In the Loop is a creature of odd origin; the film is ostensibly a spin-off of BBC sitcom The Thick of It. But while the two projects share a number of actors, only one character makes the crossover from series to film. But my what a character he is!
Peter Capaldi, in a continuation of his Thick of It role as Director of Communications Malcolm Tucker, nearly runs away with the film through a series of foul-mouthed verbal tirades. He fashions the destruction of souls into an art.
For my review of In the Loop, plus more information on the spring book release of Baby from Eraserhead: The Collected Insults of Malcolm Tucker, hit the jump.
Sadly, no such book is in existence, but it would make a great companion piece Shakespeare’s Insults: Educating Your Wit; the bizarre imagery of “You sound like a Nazi Julie Andrews” rivals that of “Thou goatish fat-kidneyed harpy!” any day. Each abuse deftly combines esoteric absurdism and audacious vulgarity to provide an instantly quotable collection of derision. It sounds infinitely better out of the mouth of Capaldi than on this screen, so I won’t list them off here. But his performance alone is worth the DVD price.
The film is far from a one man show, however. The screenplay garnered a fair share of awards attention for writers Jesse Armstrong, Simon Blackwell, Tony Roche, and writer/director Armando Iannucci, even winning Best Screenplay from the New York Film Critics Circle. In the Loop nimbly navigates the farce of an escalating political fiasco, as Britain’s Minister for International Development Simon Foster (Todd Hollander) inadvertently expresses controversial views on the impending war and becomes a pawn of important U.S. officials in the international debate. The humor is admirably never weighed down by such heavy subject matter (a potential comedic albatross), as so many of the governmental employees are either incompetent or apathetic in their positions of relative power. Often, In the Loop is a showcase for clever idiots. The plot is driven by dubious decisions and ambitious failures, but such chaotic misfortune proves to be an endless source of witticisms.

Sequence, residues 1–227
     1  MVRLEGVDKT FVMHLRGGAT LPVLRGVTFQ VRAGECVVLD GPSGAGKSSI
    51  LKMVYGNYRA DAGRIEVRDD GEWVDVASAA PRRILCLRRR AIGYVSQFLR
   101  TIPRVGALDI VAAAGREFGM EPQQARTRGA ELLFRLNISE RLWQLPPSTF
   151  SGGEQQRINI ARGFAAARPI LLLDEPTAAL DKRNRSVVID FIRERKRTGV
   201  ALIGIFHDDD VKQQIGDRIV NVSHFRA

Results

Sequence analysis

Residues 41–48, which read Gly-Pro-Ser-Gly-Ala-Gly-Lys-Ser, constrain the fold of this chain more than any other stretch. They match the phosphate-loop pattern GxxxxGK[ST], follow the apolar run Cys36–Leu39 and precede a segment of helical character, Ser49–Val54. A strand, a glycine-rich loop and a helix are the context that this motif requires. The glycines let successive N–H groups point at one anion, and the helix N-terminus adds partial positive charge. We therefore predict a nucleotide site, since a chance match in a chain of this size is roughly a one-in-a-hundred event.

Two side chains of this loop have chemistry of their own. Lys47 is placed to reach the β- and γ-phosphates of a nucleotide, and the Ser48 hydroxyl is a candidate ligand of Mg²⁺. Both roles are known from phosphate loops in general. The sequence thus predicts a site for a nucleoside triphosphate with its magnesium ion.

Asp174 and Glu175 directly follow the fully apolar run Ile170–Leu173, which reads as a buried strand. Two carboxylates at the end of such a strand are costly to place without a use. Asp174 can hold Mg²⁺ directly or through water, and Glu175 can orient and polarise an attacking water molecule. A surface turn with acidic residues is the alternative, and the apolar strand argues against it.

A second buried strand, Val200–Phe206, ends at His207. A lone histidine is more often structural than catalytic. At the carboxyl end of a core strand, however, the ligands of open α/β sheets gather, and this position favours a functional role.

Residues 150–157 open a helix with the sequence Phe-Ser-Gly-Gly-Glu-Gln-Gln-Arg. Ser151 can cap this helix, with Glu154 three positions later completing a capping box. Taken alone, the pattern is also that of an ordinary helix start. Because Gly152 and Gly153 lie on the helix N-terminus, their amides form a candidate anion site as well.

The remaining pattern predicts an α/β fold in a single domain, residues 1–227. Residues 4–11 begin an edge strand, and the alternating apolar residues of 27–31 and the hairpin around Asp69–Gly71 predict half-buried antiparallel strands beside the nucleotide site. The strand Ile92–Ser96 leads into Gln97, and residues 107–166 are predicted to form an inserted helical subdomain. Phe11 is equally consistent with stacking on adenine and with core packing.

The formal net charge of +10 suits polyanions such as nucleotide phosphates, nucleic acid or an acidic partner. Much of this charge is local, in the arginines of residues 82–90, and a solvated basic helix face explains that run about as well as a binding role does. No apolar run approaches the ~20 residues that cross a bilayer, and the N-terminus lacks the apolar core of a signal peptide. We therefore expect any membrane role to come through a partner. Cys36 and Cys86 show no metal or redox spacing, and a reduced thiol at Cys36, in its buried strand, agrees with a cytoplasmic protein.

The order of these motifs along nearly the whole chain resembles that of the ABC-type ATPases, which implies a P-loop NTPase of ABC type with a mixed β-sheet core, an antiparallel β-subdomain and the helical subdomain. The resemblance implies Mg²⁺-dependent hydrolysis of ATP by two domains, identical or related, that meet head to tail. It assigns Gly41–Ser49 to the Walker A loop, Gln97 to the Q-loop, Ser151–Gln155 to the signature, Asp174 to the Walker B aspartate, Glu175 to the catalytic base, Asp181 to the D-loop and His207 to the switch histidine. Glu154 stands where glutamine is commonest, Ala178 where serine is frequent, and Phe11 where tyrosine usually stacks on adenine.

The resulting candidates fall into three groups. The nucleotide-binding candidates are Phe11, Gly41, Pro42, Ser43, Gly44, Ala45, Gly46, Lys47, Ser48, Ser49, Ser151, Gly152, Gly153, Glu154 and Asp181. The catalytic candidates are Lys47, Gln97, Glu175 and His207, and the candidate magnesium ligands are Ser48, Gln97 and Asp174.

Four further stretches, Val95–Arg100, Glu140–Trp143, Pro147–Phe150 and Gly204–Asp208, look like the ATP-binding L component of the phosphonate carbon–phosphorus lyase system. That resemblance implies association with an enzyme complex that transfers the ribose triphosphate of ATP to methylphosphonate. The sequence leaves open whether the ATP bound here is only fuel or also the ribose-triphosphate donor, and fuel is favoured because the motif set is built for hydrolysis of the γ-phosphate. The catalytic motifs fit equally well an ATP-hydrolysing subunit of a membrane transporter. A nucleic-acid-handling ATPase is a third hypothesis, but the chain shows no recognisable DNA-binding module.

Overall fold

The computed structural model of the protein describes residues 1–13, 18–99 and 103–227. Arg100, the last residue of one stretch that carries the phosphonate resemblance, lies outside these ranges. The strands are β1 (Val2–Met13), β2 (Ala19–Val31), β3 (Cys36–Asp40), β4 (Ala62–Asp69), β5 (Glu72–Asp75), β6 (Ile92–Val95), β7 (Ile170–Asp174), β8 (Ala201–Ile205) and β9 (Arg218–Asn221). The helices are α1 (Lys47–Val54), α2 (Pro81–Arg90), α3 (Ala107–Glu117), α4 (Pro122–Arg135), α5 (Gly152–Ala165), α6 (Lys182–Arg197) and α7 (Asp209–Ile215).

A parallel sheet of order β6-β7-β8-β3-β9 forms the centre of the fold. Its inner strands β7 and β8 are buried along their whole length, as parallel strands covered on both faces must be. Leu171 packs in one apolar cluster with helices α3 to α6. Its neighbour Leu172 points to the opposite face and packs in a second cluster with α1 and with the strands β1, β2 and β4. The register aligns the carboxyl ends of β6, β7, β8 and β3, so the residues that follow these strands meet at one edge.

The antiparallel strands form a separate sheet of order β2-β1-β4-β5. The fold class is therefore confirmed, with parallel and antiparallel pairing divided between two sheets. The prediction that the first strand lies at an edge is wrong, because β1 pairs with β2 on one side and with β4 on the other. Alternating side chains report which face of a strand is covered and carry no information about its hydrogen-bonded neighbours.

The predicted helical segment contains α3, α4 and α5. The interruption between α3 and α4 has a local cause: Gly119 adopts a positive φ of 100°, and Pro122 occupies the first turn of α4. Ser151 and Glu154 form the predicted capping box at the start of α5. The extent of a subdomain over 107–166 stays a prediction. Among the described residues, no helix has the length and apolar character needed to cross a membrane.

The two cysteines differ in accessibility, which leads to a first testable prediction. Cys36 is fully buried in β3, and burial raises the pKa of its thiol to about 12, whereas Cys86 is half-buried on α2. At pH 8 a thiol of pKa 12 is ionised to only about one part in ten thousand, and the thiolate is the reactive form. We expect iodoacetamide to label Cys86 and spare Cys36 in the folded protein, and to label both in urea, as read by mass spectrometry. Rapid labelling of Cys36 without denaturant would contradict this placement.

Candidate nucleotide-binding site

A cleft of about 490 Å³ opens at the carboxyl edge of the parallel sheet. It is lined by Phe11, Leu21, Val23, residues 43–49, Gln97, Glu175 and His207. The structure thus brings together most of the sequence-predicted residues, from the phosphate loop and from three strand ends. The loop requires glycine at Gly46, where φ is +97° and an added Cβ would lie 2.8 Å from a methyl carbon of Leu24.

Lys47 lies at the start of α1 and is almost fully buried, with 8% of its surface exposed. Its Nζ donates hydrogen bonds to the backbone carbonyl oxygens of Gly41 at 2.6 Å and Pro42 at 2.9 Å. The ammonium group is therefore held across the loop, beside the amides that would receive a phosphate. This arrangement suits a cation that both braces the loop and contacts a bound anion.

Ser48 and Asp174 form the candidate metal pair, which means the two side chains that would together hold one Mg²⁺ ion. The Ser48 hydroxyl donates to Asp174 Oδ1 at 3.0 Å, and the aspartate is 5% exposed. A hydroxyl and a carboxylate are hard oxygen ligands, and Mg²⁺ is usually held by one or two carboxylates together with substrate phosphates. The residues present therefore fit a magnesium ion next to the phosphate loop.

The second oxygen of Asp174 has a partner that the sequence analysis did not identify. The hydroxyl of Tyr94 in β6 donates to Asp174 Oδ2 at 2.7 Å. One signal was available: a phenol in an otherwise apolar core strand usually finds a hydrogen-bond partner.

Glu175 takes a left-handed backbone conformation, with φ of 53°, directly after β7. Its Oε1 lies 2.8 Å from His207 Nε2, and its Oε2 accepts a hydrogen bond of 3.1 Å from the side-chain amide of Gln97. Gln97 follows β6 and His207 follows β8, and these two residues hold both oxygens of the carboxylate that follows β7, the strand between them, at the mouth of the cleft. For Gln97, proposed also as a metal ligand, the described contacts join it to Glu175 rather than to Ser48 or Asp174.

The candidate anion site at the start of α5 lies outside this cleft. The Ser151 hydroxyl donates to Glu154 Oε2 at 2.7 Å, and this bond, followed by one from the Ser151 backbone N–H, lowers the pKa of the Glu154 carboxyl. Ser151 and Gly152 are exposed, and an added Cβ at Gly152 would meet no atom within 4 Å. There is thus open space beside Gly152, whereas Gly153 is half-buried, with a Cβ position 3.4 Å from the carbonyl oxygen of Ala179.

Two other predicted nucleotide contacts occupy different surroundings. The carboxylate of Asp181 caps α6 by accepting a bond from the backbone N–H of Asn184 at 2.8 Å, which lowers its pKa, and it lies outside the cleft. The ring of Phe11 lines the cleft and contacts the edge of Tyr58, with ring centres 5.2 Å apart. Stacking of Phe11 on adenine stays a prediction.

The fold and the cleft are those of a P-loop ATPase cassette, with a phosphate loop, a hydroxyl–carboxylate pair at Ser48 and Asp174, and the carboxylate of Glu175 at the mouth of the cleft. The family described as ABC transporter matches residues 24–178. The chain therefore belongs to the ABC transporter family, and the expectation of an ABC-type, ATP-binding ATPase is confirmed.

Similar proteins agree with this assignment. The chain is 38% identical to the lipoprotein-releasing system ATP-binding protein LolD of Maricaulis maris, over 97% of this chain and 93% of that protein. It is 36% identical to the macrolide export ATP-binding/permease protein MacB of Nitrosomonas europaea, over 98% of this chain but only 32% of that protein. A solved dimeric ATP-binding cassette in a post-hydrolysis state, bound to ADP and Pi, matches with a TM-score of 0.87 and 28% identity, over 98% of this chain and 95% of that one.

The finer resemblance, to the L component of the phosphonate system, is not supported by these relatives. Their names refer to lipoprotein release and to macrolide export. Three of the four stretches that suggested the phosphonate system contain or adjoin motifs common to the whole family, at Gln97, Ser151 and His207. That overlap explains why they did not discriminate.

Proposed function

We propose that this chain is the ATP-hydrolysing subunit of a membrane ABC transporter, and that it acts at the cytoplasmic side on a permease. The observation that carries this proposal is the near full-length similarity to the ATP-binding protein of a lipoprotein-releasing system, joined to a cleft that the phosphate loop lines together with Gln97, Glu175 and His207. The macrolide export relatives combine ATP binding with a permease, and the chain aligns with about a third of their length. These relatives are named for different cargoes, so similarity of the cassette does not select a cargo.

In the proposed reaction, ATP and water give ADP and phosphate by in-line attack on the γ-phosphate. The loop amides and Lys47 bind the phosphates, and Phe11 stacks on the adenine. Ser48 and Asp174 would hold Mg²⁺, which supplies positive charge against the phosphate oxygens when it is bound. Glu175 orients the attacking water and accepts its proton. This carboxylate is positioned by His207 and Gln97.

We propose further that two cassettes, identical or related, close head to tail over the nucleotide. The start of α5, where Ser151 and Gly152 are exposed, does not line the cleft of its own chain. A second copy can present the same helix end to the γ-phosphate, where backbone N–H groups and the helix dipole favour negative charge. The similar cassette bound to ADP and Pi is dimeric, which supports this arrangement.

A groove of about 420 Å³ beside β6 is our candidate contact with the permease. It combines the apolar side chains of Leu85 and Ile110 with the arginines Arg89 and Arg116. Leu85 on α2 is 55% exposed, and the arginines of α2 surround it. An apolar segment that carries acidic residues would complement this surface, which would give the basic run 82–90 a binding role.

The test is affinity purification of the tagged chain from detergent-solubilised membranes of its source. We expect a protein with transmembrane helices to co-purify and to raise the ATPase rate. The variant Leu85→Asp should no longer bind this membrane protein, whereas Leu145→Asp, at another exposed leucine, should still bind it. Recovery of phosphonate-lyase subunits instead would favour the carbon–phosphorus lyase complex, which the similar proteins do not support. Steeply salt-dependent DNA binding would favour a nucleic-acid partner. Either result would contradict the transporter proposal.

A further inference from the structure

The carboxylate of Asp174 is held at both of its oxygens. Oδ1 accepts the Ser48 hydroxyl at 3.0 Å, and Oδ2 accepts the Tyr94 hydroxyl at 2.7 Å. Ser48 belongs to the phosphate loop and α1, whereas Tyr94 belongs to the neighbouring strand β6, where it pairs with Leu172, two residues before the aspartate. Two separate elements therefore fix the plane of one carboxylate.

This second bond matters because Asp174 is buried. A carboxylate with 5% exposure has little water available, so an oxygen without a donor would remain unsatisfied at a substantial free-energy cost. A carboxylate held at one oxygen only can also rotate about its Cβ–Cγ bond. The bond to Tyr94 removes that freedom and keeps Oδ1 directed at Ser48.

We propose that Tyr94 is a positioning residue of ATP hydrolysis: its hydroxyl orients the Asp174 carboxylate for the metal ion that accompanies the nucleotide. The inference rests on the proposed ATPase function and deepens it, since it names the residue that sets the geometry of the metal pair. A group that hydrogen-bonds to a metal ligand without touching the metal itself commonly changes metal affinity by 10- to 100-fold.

At times it seems that too many characters are capable of the perfect one-liner, but the political arena is appropriate for such nuanced dialogue. The cast rises to the challenge, though, each carving their own niche within the uniformly wacky brand of comedy. Aside from Capaldi, standouts include Zach Woods, whose stilted delivery elevates his character’s awkwardly sardonic sense of humor, and David Rasche, whose circular rhetoric aspires to the poetry of a sound byte without any concern for substance. James Gandolfini, the cast’s biggest name, adapts well to the distinctly British material in one of his first post-Sopranos roles. His flirtatious banter with co-star Mimi Kennedy crackles; their scenes together provide an emotional center among all the silliness, but at no expense to the laughs.
All in all, there’s a lot to recommend here: the laugh-per-minute ratio is incredible, yet the film finds time to partake in some fine character work and astute political commentary. Above all, In the Loop will provide you with enough quotes with which to annoy your friends until May.
Special Features: The bonus section on the DVD features a whopping 28 minutes of deleted scenes, edited together with care into a single half-hour show. It is a testament to the film’s innate funniness that even in the rejected bits, most of the jokes still land. Also included is a short behind-the-scenes featurette that aired on the Independent Film Channel, whose IFC films distributed In the Loop in the United States.